Nvidia has both been the benefactor and victim of cryptocurrencies' boom/bust cycle. When crypto was soaring in value, so was Nvidia's share price. When crypto crashed, often Nvidia's share price dropped with it. The company makes a product that was, for a long while, crucial to the operation of most of the world's largest cryptocurrencies outside of bitcoin, and that's been both a blessing and a curse.
Nvidia and crypto is a love/hate relationship. When the going was good, Nvidia would happily create entire product lines for the sole purpose of running algorithms to 'mine' cryptocurrency, known as CMP or Cryptocurrency Mining Processor. However, when crypto crashed, which it has a tendency to do, Nvidia would often be lumped with excess inventory of graphics cards and finding new ways to sell them.
Clearly Nvidia is in the hate stage of its relationship right now, as per recent comments to The Guardian by Nvidia's CTO on the value of cryptocurrency to society.
"All this crypto stuff, it needed parallel processing, and [Nvidia] is the best, so people just programmed it to use for this purpose. They bought a lot of stuff, and then eventually it collapsed, because it doesn’t bring anything useful for society. AI does," Nvidia CTO Michael Kagan said.
It's no surprise that Nvidia is keen to position itself as the pre-eminent AI company, but I hadn't expected the company to outright slam cryptocurrency in the process. Kagan's comments touch on a debate that's been raging for a while, however, and that's whether cryptocurrency is a worthy alternative to fiat money or moreso a tool for generating profit. So far, we've seen a lot of examples of the latter, and not so many proving the former.
"I never believed that [crypto] is something that will do something good for humanity," Kagan continued. "You know, people do crazy things, but they buy your stuff, you sell them stuff. But you don’t redirect the company to support whatever it is."
Nvidia was prone to downplaying the role cryptocurrency played on the increased demand we saw for graphics cards over the past few years, which combined with supply chain issues led to graphics card shortages worldwide. Nvidia even attempted to block cryptocurrency mining on its GeForce GPUs, though this wasn't said to be a very effective anti-mining measure.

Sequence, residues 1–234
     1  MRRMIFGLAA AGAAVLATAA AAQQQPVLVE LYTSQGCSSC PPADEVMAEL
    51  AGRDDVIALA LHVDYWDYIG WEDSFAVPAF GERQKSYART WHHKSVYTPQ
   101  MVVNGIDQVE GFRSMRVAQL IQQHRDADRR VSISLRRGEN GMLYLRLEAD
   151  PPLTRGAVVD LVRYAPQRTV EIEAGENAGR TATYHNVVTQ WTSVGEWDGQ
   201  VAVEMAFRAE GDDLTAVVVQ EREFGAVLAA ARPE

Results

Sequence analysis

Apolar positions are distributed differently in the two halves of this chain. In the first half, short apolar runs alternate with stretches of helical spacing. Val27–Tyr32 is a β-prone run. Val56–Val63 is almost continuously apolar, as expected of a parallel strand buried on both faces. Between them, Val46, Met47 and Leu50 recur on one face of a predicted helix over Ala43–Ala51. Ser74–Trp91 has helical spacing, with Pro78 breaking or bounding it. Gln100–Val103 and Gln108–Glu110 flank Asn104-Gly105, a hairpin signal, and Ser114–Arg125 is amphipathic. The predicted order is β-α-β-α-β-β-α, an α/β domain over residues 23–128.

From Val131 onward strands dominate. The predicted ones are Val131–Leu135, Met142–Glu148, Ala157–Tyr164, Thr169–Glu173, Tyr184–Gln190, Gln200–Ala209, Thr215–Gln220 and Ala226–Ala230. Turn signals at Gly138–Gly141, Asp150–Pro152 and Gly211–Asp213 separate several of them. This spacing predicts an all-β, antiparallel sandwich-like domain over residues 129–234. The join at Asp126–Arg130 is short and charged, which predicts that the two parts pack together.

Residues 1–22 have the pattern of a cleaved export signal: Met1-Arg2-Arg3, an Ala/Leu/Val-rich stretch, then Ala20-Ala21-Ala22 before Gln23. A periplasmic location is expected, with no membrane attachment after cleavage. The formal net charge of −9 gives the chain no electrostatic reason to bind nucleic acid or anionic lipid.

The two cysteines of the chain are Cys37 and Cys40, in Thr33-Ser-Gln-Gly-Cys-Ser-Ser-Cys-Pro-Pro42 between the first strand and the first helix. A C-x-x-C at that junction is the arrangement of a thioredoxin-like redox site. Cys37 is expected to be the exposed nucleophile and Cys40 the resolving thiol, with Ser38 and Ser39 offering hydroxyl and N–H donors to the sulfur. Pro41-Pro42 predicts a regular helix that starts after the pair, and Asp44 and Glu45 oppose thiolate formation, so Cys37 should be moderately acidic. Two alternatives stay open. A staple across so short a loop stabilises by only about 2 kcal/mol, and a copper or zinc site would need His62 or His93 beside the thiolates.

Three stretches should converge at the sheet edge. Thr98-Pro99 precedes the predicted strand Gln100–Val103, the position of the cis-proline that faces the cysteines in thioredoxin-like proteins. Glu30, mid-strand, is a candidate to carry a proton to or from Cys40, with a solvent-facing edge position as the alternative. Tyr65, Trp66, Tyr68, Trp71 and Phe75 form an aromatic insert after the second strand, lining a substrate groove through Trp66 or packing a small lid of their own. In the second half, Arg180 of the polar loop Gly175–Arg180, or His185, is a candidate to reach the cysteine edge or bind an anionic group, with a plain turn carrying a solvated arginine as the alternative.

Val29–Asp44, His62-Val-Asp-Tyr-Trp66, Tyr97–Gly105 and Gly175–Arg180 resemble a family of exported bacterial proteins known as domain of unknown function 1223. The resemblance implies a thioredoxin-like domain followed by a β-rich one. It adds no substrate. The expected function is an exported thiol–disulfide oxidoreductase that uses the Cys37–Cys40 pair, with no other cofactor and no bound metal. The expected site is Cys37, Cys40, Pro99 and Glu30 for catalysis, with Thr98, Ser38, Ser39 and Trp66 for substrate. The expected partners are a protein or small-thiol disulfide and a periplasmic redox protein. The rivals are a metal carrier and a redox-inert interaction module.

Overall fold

Cryptocurrency mining is no longer one of the primary drivers of GPU sales, however, and could possibly stay that way for good.
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Ethereum was the main cryptocurrency driving demand for graphics cards over the past few years and the crypto boom prior to that, which occurred around 2017/18. For both booms, Ethereum relied on a Proof-of-Work concept, which required massive computational power driven by graphics cards to mine Ether, the currency of the platform. Since September 2022, Ethereum uses a Proof-of-Stake concept, which no longer requires graphics cards to operate.
So far, no other cryptocurrency has grown enough to drive such high demand for graphics cards again. It's possible that could happen, but we're yet to see it. For the environment's sake let's hope we don't.
Meanwhile people are clamouring to get their hands on Nvidia GPUs for uses with AI applications. Nvidia powers many of today's most popular AI applications, including OpenAI's ChatGPT and Stable Diffusion, and more are getting onboard. Over at GTC, the company's developer conference, it was announced that Oracle, Meta, Amazon and Microsoft had recently invested in Nvidia's H100 GPUs to "address rapidly growing demand for generative AI training and inference."
All of which sounds like Nvidia's looking to move on from crypto in a big way.